The announcement by Venezuelan President, Nicolás Maduro, that he would call elections to install a National Constituent Assembly (ANC) initially seemed more of a threat than a genuine ambition.
Yet, despite weeks of opposition-led protests and widespread international condemnation, the elections were held and the 545 member assembly sat for the first time this week. The body will sit for as long as it takes to rewrite the country’s constitution and has the power to bypass the opposition-controlled National Assembly (AN), meaning Maduro’s Socialist Party (PSUV) now has virtually unlimited control over policy-making. Opposition parties boycotted the elections, considering them ‘unconstitutional’.
The rules for choosing candidates were drafted to heavily favour the PSUV’s own interests – certain seats were specifically allocated to represent certain areas of society, including; workers, farmers, fishermen, students, the disabled, indigenous people, pensioners, and business people. To be eligible for these seats, candidates had to be “certified” by the government. The choice of Delcy Rodríguez, a former Foreign Minister and a trusted Maduro supporter, as ANC leader makes it unlikely that the president’s rivals within the body (which technically has more power than Maduro) will try and oust him, as some analysts speculated they might.
The voting process itself also generated controversy – after Electoral Council Chairman, Tibisay Lucena, claimed that a record 8,089,320 voters had turned out at the ANC poll, compared to 5,622,844 in the AN elections 19 months earlier. However, the number was disproved both by the UK based company which ran the voting system and internal government documents seen by news agency Reuters, which suggested that the actual number was only around 3.7 million by 5.30pm local time on voting day. Government workers and employees of state owned companies, mainly in the mining and metallurgical industries, were also made to vote in the ANC elections on threat of losing their jobs – despite the fact that voting is not obligatory according to the current constitution.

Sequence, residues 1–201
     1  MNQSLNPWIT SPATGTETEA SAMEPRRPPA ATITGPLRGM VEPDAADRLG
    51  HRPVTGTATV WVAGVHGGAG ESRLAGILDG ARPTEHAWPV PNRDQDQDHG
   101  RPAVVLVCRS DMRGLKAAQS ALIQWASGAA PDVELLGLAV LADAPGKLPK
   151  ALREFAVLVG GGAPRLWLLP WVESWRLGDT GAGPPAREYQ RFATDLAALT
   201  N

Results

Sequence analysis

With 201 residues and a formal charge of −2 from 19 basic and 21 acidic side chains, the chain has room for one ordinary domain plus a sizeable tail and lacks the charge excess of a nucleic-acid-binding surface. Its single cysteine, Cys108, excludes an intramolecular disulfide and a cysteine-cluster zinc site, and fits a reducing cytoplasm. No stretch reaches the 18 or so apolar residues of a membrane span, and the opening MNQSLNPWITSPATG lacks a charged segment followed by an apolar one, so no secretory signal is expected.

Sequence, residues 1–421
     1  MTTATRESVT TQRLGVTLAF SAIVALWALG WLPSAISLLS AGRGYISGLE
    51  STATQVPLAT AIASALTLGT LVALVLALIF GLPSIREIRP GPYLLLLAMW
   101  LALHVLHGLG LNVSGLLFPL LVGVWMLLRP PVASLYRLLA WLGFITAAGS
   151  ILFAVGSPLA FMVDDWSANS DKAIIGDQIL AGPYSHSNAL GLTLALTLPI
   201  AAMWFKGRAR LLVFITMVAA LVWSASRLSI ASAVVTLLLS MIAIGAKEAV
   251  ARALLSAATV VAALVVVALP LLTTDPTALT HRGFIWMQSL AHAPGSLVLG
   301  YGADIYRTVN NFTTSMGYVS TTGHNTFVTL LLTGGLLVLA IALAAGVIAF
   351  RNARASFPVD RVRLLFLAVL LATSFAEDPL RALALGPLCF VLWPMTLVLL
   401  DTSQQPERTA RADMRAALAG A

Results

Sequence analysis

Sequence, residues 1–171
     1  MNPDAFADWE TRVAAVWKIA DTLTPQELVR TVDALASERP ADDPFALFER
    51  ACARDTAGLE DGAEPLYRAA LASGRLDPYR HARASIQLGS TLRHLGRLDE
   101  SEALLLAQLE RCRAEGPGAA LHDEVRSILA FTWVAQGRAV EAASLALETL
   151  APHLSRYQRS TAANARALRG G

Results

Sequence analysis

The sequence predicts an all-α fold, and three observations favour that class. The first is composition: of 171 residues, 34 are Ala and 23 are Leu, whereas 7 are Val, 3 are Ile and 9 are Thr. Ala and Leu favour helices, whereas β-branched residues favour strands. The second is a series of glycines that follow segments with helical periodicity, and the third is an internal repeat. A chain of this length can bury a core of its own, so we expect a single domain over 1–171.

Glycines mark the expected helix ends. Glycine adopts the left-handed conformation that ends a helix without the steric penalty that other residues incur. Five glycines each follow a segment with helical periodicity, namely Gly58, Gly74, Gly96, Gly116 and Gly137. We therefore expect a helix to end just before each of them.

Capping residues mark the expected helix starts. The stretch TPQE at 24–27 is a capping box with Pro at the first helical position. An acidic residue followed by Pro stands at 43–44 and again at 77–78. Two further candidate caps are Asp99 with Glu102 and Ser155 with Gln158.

Meanwhile, the country’s economic downturn has continued to worsen. The Bolivar (Venezuela’s currency), has continued to fall in value against the US dollar. The exchange rate on the black market, which for many Venezuelans is the only way to acquire the currency given the strict controls implemented by the government, has now reached over 20,000 Bolivares to the dollar in some areas. It is estimated by the International Monetary Fund that inflation in the country will reach 720.5 per cent by the end of the year, and data recorded by the AN suggests that the actual measure could be significantly higher, as it had already increased by 240.8 per cent after the first six months of the year.
The knock-on effect of increases in inflation and the value of currency has left many Venezuelans in dire circumstances. 82 per cent of households are now living in poverty (meaning Venezuela is now the poorest country in the Americas) and those requiring hospital treatment are forced to buy medicines on the black market as hospitals suffer continual shortages and struggle to provide anything but the most basic of treatments.
Maduro and the PSUV government have remained defiant, blaming the country’s problems on foreign powers. In public addresses he has singled out the US, accusing it of attempting to orchestrate a coup d’état. Meanwhile there has been an exodus of Venezuelans to neighbouring Colombia and Brazil both to buy supplies such as drugs and to escape the economic pressures – between 300,000 and 340,000 Venezuelans are now estimated to have crossed the border into Colombia with intentions to remain permanently.
For the full details on how the international community has reacted to the Venezuelan Crisis, including the imposition of sanctions by the US on President Maduro, please click here to read the sister article